A writer and editor for more than twenty years, my work has appeared in numerous publications, including USA Today where I was the only writer granted on-set access to the cast and crew of Katharine Hepburn's final movie, One Christmas.
In 1995, I was invited by Derek Taylor, the Beatles longtime friend and press agent, to travel to London for a behind-the-scenes look at the making of The Beatles Anthology.
While there, I convinced the notoriously reclusive Neil Aspinall — a quiet force behind the Fab Four for more than four decades — to give me some one-on-one time.
In the course of my career, I've interviewed countless celebrities — from Hollywood royalty to American Icons — and written about an array of topics that range from lifestyle and trends to breakthroughs in medical research.
My career has taken me to the front line in the fight against HIV and AIDS, and into the home of a grieving family as they struggled to understand how the bite of a mere mosquito could cut short the life of their youngest son.
I chronicled the stories of ordinary people who did extraordinary things in the days following 9-11, and reported on the cantankerous debate in the U.S. Congress about V-Chip legislation, as well as the Congressional hearings on the effect of media violence on America's youth.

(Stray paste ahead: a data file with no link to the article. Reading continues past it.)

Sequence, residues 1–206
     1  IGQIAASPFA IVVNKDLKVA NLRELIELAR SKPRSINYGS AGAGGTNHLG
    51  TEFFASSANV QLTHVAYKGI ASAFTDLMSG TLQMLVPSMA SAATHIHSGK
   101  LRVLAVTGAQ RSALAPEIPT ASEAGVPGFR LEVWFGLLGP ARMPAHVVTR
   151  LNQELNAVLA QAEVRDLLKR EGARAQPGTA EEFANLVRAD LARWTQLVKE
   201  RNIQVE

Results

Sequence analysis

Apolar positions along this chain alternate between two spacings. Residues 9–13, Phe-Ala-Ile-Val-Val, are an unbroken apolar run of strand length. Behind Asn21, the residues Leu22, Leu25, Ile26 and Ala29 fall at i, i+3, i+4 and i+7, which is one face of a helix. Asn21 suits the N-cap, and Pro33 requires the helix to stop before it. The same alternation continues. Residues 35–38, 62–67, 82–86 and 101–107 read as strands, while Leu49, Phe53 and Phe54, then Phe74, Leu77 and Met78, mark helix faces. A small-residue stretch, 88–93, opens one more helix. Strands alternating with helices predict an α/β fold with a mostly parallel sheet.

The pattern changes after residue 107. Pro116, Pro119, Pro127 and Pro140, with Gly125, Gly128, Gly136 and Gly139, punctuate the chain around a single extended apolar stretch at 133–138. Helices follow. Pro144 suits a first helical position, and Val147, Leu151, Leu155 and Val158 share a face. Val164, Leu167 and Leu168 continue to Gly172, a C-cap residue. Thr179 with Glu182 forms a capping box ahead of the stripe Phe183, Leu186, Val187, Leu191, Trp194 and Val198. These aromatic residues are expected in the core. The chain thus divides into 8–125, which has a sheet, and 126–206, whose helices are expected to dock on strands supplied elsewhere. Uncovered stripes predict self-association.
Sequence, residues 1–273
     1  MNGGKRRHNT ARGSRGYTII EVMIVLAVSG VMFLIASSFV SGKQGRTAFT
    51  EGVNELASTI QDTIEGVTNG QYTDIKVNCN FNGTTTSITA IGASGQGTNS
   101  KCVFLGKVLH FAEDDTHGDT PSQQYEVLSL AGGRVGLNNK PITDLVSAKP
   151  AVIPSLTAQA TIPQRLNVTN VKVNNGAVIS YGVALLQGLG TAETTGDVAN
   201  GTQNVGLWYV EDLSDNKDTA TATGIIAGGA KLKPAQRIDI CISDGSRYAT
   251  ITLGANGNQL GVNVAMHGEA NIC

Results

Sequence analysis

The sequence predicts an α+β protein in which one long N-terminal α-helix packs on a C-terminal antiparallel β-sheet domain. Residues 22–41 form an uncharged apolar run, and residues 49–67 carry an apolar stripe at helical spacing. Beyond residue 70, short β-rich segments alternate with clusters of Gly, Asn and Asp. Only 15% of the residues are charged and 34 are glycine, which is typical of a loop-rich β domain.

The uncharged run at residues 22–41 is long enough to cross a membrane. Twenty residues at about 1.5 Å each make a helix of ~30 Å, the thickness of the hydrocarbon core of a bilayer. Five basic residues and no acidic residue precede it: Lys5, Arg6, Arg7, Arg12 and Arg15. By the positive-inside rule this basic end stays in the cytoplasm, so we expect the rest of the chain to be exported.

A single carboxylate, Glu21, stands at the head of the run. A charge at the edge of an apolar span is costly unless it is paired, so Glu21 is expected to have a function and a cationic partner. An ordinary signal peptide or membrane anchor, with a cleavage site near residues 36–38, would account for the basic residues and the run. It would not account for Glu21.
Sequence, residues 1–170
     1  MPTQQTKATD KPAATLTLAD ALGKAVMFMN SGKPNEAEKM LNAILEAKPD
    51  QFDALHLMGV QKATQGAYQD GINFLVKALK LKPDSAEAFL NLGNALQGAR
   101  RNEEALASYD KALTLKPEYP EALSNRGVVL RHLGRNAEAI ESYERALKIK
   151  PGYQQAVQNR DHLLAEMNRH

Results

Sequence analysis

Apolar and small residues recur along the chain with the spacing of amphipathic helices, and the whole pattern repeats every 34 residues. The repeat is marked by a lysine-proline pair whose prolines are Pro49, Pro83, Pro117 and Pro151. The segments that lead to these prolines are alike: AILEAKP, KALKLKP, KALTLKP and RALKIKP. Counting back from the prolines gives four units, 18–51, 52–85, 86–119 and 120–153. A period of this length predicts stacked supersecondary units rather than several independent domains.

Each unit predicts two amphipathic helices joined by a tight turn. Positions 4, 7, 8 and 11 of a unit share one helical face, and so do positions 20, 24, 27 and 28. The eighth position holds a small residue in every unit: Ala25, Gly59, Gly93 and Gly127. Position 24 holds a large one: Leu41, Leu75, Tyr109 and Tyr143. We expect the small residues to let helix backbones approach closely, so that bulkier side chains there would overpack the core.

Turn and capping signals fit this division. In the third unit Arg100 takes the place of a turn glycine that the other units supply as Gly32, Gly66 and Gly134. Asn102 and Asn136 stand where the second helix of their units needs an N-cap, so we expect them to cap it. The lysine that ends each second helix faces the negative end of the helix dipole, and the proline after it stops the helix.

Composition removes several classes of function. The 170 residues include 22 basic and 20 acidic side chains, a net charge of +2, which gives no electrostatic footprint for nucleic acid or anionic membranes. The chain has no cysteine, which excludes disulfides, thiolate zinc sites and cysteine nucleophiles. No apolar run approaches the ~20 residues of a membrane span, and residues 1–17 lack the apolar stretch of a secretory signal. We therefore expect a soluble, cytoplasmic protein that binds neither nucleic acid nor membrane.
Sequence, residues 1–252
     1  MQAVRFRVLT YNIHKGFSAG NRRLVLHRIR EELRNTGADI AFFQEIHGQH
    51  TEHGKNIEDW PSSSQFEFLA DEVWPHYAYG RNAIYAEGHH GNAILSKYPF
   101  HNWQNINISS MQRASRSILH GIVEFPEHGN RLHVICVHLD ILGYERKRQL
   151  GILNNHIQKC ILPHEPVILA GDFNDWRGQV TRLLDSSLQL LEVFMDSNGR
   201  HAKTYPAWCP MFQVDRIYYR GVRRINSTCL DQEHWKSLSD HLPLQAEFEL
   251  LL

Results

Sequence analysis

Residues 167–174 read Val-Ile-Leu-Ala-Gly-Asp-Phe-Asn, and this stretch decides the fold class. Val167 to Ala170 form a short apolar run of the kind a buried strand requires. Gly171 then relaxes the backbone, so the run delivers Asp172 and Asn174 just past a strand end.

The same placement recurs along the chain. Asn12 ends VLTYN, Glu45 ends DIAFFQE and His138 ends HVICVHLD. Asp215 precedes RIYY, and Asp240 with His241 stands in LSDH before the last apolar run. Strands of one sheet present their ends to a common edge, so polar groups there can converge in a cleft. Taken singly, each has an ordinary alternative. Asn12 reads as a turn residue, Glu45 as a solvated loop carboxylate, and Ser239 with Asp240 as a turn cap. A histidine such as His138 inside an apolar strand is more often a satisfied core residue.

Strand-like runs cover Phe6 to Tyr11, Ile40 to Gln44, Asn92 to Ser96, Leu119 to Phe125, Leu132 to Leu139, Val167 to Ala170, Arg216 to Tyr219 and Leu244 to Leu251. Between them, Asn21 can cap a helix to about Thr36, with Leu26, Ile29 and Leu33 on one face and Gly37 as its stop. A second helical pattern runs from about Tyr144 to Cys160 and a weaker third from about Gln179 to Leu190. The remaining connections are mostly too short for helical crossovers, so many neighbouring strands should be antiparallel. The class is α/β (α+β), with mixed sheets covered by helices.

Education & beyond
After graduating from high school in northern Virginia, I studied theater at the University of Miami in Coral Gables, Florida, for two years where I shared the stage with a young Ray Liotta (Field of Dreams and Goodfellas) as he honed his craft in the university's Ring Theatre.
I transferred to Emerson College, in Boston, Mass. — alma mater of producer Norman Lear, actor Henry Winkler, and talk show host Jay Leno — where I earned a bachelors in theater in 1981.
In 1991, I was one of a handful of students selected to take part in a pilot masters program at American University in Washington, D.C., where I earned a masters in journalism in 1993.
A member of the Society of Professional Journalists, I take seriously the importance of ensuring the landscape of the profession adhere to the highest of standards. To that end, while an editor at the Houston Chronicle, in Houston, Texas, I worked with high school journalism students who participated in the Chronicle's "Chronicle Classroom" program, the goal of which is to nurture young writers and help prepare them for a career in the field. In addition, I am involved with the National Scholastic Press Association, a Minnesota-based nonprofit organization that provides journalism education to students, teachers and others.